Neal S. Parikh, MD

Pase MP, Himali JJ, Beiser AS, Aparicio HJ, Satizabal CL, Vasan RS, et al. Sugar- and Artificially Sweetened Beverages and the Risks of Incident Stroke and Dementia: A Prospective Cohort Study. Stroke.

In this entry, I discuss a recent publication by Matthew Pase and colleagues regarding the risks of stroke and dementia associated with the consumption of sugar-sweetened and artificially sweetened beverages.

Citing conflicting data, the authors sought to examine the association of sugar- or artificially sweetened soft drink intake with incident stroke and dementia in the Framingham Heart study.

From among 3,539 participants who attended a Framingham Heart Study examination between 1998 and 2001, the authors included 2,690 participants for stroke follow-up and 1,395 participants for dementia follow-up. Participants with prevalent stroke, dementia, cognitive impairment, and other neurological disease, in addition to younger participants, were excluded.

Sweetened beverage intake was measured with a validated food-frequency questionnaire. The questionnaire included sugar-sweetened soft drinks, fruit juice, and artificially sweetened soft drinks. Recent intake and cumulative intake (averaging at least two separate Framingham examinations) were analyzed separately. Participants were followed for up to 10 years for incident stroke and dementia.

In a stepwise fashion, the authors constructed Cox proportional hazards regression models. In Model 1, the covariates were age, sex, education, and total caloric intake. In Model 2, additional covariates reflected lifestyle factors such as diet quality, physical activity, and smoking status. In Model 3, they additionally included hypertension, cardiac disease, atrial fibrillation, cholesterol, diabetes, apolipoprotein E genotype, and waist-to-hip ratio.

A key observation of baseline characteristics was that greater artificially sweetened soft drink consumption was associated with greater baseline cardiovascular disease and diabetes, whereas the inverse relationship was observed for total sugary beverages.

The regression models revealed that total sugary beverage and sugar-sweetened soft drink consumption was not associated with stroke, whereas high recent and cumulative artificially sweetened soft drink intake were associated with incidence stroke. Participants who had at least 1 artificially sweetened soft drink per day faced a nearly two-fold risk of incident stroke (HR, 1.97; 95% CI, 1.10-3.55) compared to participants with no intake, after adjustment for all covariates in Model 3. The association with dementia appeared weaker, with loss of statistical significance with adjustment for all covariates (Model 3). Importantly, prevalent diabetes—or diabetes already present at the beginning of observation—partially mediated the association between artificially sweetened soft drink consumption and stroke.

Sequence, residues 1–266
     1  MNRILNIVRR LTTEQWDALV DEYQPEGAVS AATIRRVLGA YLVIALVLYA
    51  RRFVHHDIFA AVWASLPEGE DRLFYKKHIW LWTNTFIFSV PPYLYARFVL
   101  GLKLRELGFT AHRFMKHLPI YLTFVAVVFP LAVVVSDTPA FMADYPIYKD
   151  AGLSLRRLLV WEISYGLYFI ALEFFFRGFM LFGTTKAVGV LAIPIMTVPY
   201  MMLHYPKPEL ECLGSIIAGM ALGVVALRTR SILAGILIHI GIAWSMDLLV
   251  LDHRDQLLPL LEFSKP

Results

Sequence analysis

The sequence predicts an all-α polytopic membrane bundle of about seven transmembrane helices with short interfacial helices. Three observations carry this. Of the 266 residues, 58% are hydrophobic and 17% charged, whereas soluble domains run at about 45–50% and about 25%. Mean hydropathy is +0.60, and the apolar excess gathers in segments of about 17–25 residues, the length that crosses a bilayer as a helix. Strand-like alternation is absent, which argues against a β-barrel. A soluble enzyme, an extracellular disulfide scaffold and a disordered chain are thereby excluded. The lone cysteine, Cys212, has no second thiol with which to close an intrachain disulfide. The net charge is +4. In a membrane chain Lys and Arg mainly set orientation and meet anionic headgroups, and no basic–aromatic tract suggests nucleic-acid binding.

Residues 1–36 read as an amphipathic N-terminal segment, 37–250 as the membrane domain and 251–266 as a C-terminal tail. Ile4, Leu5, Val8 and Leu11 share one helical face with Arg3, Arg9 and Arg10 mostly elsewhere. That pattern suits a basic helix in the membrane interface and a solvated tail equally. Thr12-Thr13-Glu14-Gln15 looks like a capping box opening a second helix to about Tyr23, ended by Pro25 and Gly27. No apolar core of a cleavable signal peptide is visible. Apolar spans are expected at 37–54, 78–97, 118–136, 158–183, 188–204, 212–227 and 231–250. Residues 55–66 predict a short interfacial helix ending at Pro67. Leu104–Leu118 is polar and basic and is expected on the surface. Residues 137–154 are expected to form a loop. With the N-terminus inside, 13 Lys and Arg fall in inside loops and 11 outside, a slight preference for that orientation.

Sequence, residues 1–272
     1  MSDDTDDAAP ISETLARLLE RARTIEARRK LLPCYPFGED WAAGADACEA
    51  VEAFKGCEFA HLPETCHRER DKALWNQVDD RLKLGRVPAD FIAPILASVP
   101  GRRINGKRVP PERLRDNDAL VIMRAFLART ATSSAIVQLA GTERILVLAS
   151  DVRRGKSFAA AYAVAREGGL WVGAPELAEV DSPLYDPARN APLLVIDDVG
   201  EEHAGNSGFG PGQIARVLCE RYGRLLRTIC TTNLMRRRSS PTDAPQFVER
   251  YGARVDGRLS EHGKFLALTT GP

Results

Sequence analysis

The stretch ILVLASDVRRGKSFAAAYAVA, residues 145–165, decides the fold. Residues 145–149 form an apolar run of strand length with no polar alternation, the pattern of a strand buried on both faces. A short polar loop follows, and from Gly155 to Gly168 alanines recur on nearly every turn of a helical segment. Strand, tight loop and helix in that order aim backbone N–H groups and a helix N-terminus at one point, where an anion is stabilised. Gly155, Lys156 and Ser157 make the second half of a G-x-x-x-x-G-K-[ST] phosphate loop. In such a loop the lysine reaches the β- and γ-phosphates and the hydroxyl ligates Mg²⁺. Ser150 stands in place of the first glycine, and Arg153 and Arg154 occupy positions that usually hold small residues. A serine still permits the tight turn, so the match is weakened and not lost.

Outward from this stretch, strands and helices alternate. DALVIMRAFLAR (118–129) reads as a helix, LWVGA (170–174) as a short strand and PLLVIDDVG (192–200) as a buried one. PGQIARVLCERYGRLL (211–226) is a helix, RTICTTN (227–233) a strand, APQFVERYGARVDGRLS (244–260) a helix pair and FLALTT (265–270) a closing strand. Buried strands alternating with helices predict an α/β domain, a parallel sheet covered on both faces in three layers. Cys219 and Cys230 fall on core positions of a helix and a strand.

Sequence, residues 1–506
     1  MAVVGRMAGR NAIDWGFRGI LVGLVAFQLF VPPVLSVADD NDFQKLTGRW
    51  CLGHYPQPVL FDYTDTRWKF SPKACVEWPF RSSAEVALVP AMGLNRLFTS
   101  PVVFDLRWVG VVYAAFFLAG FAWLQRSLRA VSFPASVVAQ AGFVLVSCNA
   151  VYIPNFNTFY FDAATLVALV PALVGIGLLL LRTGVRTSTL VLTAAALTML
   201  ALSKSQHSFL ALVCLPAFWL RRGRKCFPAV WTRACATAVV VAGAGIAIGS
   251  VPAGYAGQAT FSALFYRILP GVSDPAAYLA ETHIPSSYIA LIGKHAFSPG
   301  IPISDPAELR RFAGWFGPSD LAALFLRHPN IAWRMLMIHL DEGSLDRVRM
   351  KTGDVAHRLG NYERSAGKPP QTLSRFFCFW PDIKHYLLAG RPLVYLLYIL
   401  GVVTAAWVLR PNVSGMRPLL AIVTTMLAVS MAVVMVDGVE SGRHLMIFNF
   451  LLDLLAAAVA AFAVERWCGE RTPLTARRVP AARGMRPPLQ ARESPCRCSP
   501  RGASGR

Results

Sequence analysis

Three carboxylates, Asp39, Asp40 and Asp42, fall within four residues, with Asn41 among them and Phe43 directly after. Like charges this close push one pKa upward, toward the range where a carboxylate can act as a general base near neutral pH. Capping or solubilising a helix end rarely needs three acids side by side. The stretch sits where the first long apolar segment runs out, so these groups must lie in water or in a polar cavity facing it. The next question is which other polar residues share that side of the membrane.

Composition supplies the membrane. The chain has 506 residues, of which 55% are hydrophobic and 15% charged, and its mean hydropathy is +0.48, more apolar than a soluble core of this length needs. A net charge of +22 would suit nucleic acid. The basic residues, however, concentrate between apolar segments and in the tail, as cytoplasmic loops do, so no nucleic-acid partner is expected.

Because participants who frequently consumed artificially sweetened beverages had higher rates of diabetes at baseline, and considering the mediation analysis results, the authors rightfully state that reverse causality may explain their results. Simply, one explanation for these findings is that participants with diabetes and other pre-existing and dominant stroke/dementia risk factors drank more artificially sweetened beverages, perhaps in response to physician counsel.

Readers may wonder why these results deserve our attention despite the possibility of reverse causality. There are at least two good reasons. First, bench research suggests that artificial sweeteners cause metabolic disorders, so the findings of this paper have biological plausibility. Second, even a specter of an association between artificial sweeteners and stroke/dementia deserves notice. Artificially sweetened soft drinks have no nutritional value yet are consumed widely as an ostensibly healthy alternative to sugary beverages; the public health implications of a true association between artificial sweeteners and stroke/dementia cannot be understated.

However, by no means do these findings suggest that drinking sugar-sweetened beverages instead of artificially sweetened sodas is beneficial. It may be prudent to advocate consumption of unsweetened and minimally sweetened beverages instead.